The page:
in News Departments > New & Noteworthy
print the content item

The U.S. Department of Energy (DOE) has denied requests for rehearing of the Mid-Atlantic and the Southwest Area national interest electric transmission corridors (NIETCs) designated by DOE in October 2007 as areas of significant electricity congestion and constraint.

The designation of national corridors was made in accordance with the Energy Policy Act of 2005. In affirming the NIETC designations, DOE dismissed the challenges being raised by the applicants for rehearing as being without merit challenges raised by the applicants for rehearing, citing extensive data analysis conducted in its 2006 National Interest Electric Transmission study, ample opportunity for public review and comment, and several other key reasons. DOE noted that the findings of congestion in the designated areas are well-founded and based on data and studies as required by statute and were based on analysis demonstrating that persistent transmission congestion that adversely affects consumers exists in these two areas.

DOE also highlighted that its approach to defining the geographic boundaries of the affected areas is consistent with the statutory requirements. The corridor designation process provided all interested parties with fair and ample opportunities to provide input and comments, including a 60-day public comment period and over 60 hours of public meetings across the country. Additionally, after issuing the draft NIETCs in April 2007, DOE consulted extensively with state officials and local agencies, regional entities and the public.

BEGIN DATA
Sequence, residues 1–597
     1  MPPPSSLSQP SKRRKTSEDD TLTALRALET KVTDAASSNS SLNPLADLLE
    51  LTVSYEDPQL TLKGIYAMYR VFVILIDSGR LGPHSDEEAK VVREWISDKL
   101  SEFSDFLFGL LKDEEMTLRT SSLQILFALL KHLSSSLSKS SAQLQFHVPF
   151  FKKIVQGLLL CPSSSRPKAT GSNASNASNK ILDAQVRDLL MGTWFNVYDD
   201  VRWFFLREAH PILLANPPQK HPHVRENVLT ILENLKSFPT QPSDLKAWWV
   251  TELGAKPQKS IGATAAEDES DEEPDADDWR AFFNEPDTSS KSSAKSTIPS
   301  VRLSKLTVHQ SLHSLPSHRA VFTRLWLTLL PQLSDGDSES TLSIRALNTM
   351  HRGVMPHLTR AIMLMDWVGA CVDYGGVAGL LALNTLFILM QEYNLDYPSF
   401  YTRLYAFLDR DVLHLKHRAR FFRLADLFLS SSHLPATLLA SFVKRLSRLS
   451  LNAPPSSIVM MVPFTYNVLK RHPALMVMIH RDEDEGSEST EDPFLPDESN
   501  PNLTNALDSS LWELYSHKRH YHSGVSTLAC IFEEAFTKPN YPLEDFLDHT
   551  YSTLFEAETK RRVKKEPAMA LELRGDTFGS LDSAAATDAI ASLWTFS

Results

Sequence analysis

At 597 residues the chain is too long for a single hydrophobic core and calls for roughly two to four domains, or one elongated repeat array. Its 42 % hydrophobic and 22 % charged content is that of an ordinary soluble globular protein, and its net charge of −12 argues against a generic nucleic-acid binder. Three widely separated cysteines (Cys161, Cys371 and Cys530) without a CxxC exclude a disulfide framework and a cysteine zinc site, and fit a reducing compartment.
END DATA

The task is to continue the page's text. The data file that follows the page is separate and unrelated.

In addition, while DOE encourages diversification of energy sources, it is not required by statute to analyze non-transmission alternatives for relief of congestion prior to issuing a NIETC designation.

Lastly, federal statutes such as the National Environmental Policy Act, the Endangered Species Act and the National Historic Preservation Act, are not applicable to DOE's designation of national corridors. Rather, reviews under these statutes would be conducted by the Federal Energy Regulatory Commission before federal approval could be granted under the Federal Power Act for the construction of a transmission project.


Mortenson Construction_id2024

Trachte Inc._id1770
Latest Top Stories

Yearly Installed Capacity Figures Already Beat 2013 Numbers, More Wind On The Way: AWEA

While the American Wind Energy Association (AWEA) lobbies Congress to extend the production tax credit, the association notes wind projects now under construction signal a vibrant 2015.


Yahoo Inks Contract To Buy Kansas Wind Power

The Internet company plans to log in to the Alexander wind project, which is being built by community developer OwnEnergy.


Could Initial Offshore Wind Projects Crash New England's REC Market?

Some are concerned that the first offshore wind projects could negatively impact pricing of renewable energy credits (RECs) in New England.


Catching Up With The DOE's Down-Select Offshore Winners

The three recipients of key U.S. Department of Energy (DOE) funding provide updates on their offshore wind demonstration projects.


Texas Comptroller Attacks Wind Power, And Industry Fights Back

Texas Comptroller Susan Combs recently released a report calling for an end to wind power subsidies. The Wind Coalition has responded, saying the report is riddled with misinformation.

Canwea_id1984
Renewable NRG_id1934